The Rev. Brian C. Taylor
This evening, I am happy to report to you that the earth has once again tilted on its axis. The days are getting longer! There is more light.
To put it mildly, we earthlings count on light: for warmth, photosynthesis, oxygen, all that stuff. Even our bones, buried way inside of us, need sunlight. Did you know that there is currently an epidemic of Vitamin D deficiency, causing brittle bones? We’re indoors all the time, not getting enough sunlight.
We not only need physical light. We need spiritual light, too. Every religion, every culture knows this. Every one of them uses metaphors of shadows and darkness, vision and enlightenment. And every one of them celebrates a festival of light, as we do this night.
Our scriptures say that God is light. They also say that when Jesus was born on this night, he was the light of the world. And then when he grew up, Jesus told his friends You are the light of the world…let your light shine before others.
And so like the rays from this huge star above us, divine light emanates from God’s own being, through Christ and other enlightened souls, into us, and then out from us, so that this world can be a little brighter, kinder, and more just. We both receive and manifest God’s light. This is what religion is supposed to do.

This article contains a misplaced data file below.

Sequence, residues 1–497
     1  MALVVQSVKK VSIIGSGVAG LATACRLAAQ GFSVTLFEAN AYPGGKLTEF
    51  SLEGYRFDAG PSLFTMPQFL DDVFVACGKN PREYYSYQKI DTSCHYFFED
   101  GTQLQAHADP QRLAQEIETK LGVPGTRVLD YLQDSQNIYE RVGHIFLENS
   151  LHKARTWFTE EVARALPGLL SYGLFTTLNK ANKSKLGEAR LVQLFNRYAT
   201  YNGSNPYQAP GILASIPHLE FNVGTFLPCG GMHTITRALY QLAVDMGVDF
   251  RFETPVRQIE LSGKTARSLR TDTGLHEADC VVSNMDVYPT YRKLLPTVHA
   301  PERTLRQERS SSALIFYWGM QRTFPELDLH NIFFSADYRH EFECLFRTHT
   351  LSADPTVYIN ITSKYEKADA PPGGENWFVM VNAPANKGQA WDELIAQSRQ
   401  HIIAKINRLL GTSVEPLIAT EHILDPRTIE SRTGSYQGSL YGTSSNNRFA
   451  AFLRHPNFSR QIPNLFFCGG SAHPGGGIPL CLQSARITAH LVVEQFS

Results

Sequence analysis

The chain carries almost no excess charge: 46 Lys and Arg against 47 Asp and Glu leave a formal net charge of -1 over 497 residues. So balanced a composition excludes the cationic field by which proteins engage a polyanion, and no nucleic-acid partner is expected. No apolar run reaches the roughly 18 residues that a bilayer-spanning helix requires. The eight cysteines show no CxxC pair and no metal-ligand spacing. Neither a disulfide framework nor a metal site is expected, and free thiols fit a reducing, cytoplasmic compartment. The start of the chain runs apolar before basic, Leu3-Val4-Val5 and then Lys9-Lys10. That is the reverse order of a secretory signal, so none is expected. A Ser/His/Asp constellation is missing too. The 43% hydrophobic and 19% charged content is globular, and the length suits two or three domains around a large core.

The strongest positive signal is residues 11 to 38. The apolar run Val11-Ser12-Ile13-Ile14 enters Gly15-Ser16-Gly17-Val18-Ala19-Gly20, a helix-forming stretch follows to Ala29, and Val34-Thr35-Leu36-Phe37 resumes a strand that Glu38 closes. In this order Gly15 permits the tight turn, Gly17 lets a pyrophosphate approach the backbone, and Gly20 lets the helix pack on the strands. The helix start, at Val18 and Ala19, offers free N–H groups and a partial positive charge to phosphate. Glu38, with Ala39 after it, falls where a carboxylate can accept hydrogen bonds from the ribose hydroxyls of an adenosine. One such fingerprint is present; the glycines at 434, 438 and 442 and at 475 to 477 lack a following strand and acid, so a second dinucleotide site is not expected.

On this Christmas festival of light, then, it might be good to wonder: what sort of light do we seek from God, and what sort of light does the world need from us?
We are living in an extraordinary time, on so many levels. We are going through profound changes in how we communicate, how we affect our environment, how goods are marketed, made, and delivered, how culture and knowledge spread, and even how we think. In this postmodern age, the world is flat; the choices are endless; everything and everyone is nearby. In scope, it is like the historical shifts that took place in the Renaissance and the Industrial Revolution.